Text messages don’t make a contract, Souki lawyers argue
An exchange of text messages does not constitute a contractual agreement, argued attorneys for Charif Souki in his motion to dismiss a shareholder’s lawsuit alleging civil fraud, breach of contract and other counts against the Aspen developer and property owner.
Souki, who opened Mezzaluna restaurants in Los Angeles and Aspen (which he no longer owns), also is the co-founder and chairman of Houston-based and publicly traded energy company Tellurian Inc.
Tellurian shareholder Christopher Parker of Los Angeles and his company Red Mango Enterprises took Souki to court Jan. 20, suing him for allegedly inducing Parker to not sell his or Red Mango’s Tellurian shares by promising to indemnify them for the losses. Souki didn’t honor the agreement, the suit alleged.
The stock’s value plummeted from $20.47 in 2017 to just over $5 in August 2019, then tumbled to under $1 in August 2021 before hitting the $3 mark that October, according to the suit. Parker and Red Mango began investing in Tellurian in 2017, the suit said.
During the summer of 2019, Parker indicated to Souki he planned to sell both his and Red Mango’s respective 3.3 million shares and 8 million shares, the complaint said. Convincing him not to sell, Souki said he would indemnify Parker for his losses through the end of 2020, said the suit, referencing text messages between Souki and Parker as proof of the pact. Those texts were exchanged on Aug. 19, 2019.
Souki’s attorneys, however, offered a different version of the dealings between Souki and Parker. A March 22-dated motion to dismiss the lawsuit, which was filed in U.S. District Court in Denver, called both Parker and Souki “experienced” and “sophisticated businessmen” who wouldn’t hatch a financial agreement through text messages.
“Parker and Souki know how to create legally binding contractual relationships,” the motion said. “That is particularly true of a contract potentially involving tens of millions of dollars, like the one alleged here. Sophisticated businessmen do not create valid, enforceable contracts through unsigned text messages that omit essential terms such as the identity of the parties, the nature and extent of the obligation, the method of payment, and who is to benefit from performance.”
The text messages alone showed that Parker doesn’t have a case for breach of contract, the motion said. Parker’s lawsuit cited the following text exchange from August 2019 as the written agreement between the two:
Souki to Parker: “How much stock do you have and what is your (cost) basis?”
Parker: “5.5m shares and (his) net is circa 8(.)30 now.”
Souki: “Ok. Please keep this text. I will guaranty your capital by dec. 2020. I’ll make up any deficiency you have at that date. Thanks for your help and confidence.”
Parker: “Ok pal I got confidence in you, always here to lend an ear or advice if needed, let’s catch up in sept for dinner.”
The motion to dismiss said the exchange didn’t meet the standards for a contractual agreement, while Red Mango, for which there is scant information available, wasn’t mentioned in the texts.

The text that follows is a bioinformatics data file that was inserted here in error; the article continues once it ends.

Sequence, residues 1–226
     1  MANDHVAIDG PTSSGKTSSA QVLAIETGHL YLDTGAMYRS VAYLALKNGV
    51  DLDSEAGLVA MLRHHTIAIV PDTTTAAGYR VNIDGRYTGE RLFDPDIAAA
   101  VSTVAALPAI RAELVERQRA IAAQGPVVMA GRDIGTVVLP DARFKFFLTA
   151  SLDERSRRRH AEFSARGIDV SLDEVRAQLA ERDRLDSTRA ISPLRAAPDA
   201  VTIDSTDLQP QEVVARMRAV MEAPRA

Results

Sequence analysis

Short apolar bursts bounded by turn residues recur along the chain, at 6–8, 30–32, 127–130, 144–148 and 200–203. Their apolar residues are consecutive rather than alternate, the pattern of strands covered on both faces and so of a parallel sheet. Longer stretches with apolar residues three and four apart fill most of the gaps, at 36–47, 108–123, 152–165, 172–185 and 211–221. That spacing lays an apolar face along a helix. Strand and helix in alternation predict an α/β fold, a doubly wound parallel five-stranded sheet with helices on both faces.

“There is no discussion in these messages of Parker selling or potentially selling his Tellurian stock; there is no request by Souki that Parker not sell his stock; and there is no promise by Parker not to sell his shares,” the motion said. “Nor do the messages contain a specific amount owed, the number of shares attributable to Red Mango, or specify what Parker paid for his own shares.”
Parker and Souki met over a meal in Aspen to discuss extending the alleged agreement through the end of 2021, the suit said.
“The two established a written agreement good through Dec. 31, 2021, but Souki refused to sign it,” said the lawsuit, “stating that he could not execute such an agreement in writing because he had taken bank loans and had not disclosed his liability to Parker and Red Mango to his bank. Because Parker and Souki had a long history, Parker accepted Souki’s explanation and agreed not to sell his or Red Mango’s shares throughout 2021 in exchange for the revised terms.”
The motion countered that the Aspen meeting did not constitute a binding agreement, and Parker proved it by asking Souki later in 2021 to “fix a firm date to close out the guarantee.”
“Thus, through their own Complaint, Plaintiffs acknowledge that Souki had not agreed to an extension to December 31, 2021 date — or any other contract term — as they now claim,” said the motion, which also called for the dismissal of Parker’s claims of fraudulent inducement, promissory estoppel and unjust enrichment.
Attorneys with Boies Schiller Flexner LLP, a New York firm representing Parker and Red Mango in the lawsuit, as well as attorneys with Houston firm Yetter Coleman LLP and Wheeler Trigg O’Donnell LLP in Denver, which are handling Souki’s defense, were contacted about this story Tuesday. Parker’s legal team did not respond and Souki’s attorney responded but said they preferred not to comment.
The motion to dismiss said the lawsuit claimed Souki “is domiciled and resides in Aspen, Colorado, a fact that Souki denies, but accepts as true for purposes of this Motion only.” Souki’s full-time residence is in Houston, the motion said.
Souki owns commercial properties in downtown Aspen and acquired Aspen Valley Ranch for $27 million in 2013 and developed the 800-plus acres of land with luxury residences. He is credited for being a pioneer in the exportation of liquefied natural gas, which is produced through hydraulic fracturing, or “fracking.”
Souki also “in 1996 co-founded Cheniere Energy Inc., the first company to take the fruits of fracking and export them to global markets from the U.S. Gulf Coast — in the form of liquefied natural gas, or LNG,” the Wall Street Journal reported Dec. 21.
Shares in Tellurian, meanwhile, closed at $6.01 on Tuesday.